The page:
In nearly every legacy system, what the system does is more important than what it is supposed to do. [Working effectively with Legacy Code]
Let me describe you a real-life example.
Some time ago my team was struggling with a tricky issue. A typical situation without good solution. Imagine an application which allows users to freely modify layout settings, like color of the button background. Unfortunately, there was a bug in the system - instead of changing background color, the setting was changing the border color.
The bug occurred a while ago, at least a couple of months, and users, whether consciously or not, got used to it in the meantime. So, when the issue was found and resolved, so that the setting started to change background color once more, many clients treated it as... a new bug.
How is that possible that a behavior, which works as it was originally intended, was perceived as an incorrect one?
Well, the incorrect behavior was occurring so long, that it became a new and desired system function. The baseline has changed. It is more important that over the last dozens of versions, the program worked in a non-intended way, despite the original specification. So, in this particular case, instead of changing the system behavior, it would be enough to change the name of the setting, e.g. background color to border color.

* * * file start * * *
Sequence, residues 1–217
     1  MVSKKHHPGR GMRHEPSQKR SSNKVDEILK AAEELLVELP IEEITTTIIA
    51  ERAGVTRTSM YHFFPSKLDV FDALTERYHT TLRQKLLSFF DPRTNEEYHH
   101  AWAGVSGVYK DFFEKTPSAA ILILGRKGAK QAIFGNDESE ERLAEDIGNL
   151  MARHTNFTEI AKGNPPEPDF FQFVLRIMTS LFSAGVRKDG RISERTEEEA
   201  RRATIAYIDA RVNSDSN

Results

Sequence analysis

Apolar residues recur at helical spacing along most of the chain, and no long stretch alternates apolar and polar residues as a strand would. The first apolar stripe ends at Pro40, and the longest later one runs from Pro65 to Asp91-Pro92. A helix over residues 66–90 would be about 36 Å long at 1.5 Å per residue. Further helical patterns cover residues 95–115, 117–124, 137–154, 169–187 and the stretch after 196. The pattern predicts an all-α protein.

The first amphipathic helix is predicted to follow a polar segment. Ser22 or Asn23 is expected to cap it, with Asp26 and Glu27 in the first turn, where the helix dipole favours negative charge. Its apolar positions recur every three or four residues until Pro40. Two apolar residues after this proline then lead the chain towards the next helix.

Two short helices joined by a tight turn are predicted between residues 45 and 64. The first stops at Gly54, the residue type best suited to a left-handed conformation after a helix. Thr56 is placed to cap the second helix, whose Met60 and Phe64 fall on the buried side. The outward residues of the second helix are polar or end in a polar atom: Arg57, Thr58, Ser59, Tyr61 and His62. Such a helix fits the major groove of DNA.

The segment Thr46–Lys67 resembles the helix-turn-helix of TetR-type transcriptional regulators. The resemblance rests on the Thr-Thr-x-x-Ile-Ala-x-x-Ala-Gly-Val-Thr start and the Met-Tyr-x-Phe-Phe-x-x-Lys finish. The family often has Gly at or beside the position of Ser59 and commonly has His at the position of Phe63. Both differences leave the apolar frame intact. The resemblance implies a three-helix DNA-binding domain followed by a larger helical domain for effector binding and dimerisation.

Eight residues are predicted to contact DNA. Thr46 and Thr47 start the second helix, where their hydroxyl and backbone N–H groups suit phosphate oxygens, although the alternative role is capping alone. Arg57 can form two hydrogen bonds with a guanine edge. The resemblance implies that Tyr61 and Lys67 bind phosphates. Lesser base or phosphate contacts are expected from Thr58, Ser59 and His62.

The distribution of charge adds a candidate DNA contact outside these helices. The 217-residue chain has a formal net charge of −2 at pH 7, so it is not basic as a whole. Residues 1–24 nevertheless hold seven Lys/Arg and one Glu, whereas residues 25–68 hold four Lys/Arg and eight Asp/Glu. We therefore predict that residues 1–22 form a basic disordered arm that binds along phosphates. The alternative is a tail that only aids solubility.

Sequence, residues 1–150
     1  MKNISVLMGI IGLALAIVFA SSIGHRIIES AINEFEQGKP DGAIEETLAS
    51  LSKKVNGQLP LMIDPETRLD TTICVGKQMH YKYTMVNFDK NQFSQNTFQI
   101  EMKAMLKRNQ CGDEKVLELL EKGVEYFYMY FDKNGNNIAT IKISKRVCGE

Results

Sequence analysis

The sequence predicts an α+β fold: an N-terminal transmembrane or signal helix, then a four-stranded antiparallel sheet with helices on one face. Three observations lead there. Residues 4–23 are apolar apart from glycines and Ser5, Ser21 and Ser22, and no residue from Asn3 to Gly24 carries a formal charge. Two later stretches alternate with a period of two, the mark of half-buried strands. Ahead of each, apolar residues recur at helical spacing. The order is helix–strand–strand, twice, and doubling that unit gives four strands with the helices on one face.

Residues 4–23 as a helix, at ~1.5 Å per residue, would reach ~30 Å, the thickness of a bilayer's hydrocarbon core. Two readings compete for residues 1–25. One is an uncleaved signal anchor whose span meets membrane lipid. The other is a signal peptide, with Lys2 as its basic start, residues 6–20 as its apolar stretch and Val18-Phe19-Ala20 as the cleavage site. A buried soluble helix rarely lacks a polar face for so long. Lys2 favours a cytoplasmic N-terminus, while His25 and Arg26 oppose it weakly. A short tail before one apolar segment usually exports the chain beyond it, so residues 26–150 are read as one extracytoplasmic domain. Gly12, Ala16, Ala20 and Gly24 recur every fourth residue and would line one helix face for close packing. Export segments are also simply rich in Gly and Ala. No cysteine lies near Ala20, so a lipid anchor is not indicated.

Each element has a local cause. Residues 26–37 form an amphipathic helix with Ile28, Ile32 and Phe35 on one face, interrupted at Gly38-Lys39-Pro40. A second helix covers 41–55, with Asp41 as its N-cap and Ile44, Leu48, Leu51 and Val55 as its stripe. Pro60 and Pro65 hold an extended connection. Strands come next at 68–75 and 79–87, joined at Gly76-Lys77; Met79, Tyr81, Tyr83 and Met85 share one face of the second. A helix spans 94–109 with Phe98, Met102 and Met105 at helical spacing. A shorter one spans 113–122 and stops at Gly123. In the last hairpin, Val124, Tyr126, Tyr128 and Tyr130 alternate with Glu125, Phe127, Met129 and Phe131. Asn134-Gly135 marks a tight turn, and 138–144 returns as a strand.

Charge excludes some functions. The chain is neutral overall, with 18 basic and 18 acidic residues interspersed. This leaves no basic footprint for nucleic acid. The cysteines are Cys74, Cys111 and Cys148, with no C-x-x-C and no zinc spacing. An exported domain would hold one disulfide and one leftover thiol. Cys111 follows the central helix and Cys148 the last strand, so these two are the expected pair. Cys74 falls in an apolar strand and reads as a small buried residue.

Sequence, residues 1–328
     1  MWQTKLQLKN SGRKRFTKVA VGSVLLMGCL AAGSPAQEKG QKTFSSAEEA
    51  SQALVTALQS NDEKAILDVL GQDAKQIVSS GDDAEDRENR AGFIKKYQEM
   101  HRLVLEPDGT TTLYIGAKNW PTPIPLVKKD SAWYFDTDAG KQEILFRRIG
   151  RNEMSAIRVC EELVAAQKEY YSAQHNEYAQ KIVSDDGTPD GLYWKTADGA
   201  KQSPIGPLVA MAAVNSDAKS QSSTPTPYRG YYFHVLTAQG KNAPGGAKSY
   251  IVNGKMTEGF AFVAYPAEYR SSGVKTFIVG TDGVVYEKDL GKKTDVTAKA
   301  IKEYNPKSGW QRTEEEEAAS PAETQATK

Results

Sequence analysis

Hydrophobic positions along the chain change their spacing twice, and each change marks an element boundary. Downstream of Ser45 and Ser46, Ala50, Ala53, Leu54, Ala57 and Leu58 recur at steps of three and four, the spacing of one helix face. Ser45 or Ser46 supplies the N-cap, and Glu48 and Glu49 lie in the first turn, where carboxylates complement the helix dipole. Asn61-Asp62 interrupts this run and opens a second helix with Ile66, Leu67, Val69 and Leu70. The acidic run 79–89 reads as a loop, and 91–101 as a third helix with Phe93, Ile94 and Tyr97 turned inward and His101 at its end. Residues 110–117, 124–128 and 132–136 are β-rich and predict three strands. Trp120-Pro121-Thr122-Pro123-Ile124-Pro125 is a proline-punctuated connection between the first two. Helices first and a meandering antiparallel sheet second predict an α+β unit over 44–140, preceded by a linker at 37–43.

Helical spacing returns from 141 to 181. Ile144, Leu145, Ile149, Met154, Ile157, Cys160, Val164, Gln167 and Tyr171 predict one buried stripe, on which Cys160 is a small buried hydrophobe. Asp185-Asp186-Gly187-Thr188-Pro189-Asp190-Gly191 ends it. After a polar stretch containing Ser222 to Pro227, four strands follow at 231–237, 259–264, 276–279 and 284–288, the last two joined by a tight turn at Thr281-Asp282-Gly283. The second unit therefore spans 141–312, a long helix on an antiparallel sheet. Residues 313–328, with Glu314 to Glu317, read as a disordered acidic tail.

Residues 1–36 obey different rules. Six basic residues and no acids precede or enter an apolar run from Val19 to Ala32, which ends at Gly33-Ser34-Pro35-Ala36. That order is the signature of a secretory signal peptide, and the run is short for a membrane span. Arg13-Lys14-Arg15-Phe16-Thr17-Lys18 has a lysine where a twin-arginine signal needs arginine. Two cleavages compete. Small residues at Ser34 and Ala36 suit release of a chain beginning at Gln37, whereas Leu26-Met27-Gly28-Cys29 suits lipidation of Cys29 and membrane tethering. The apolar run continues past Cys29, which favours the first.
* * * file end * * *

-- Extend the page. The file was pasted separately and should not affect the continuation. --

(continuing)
The key to understanding the situation is to focus on the phrase “was resolved”. What does it even mean? Is resolving an issue supposed to mean returning to the original intention of a designer, or is it about reflecting how a system actually behaves? So maybe it is about stabilizing, legitimizing or accepting rather than fighting?
What is the system supposed to do? That’s the most fundamental and the most difficult question while dealing with Legacy Code. It’s hard to find proper criteria for this evaluation. No matter what you have decided: communicate clearly with the users, keep backward compatibility and perform impact analysis. No one likes not to know what is happening, no one likes it when things brake without their fault, and everyone should be doing deterministic analysis of changes to prevent the previous two from happening.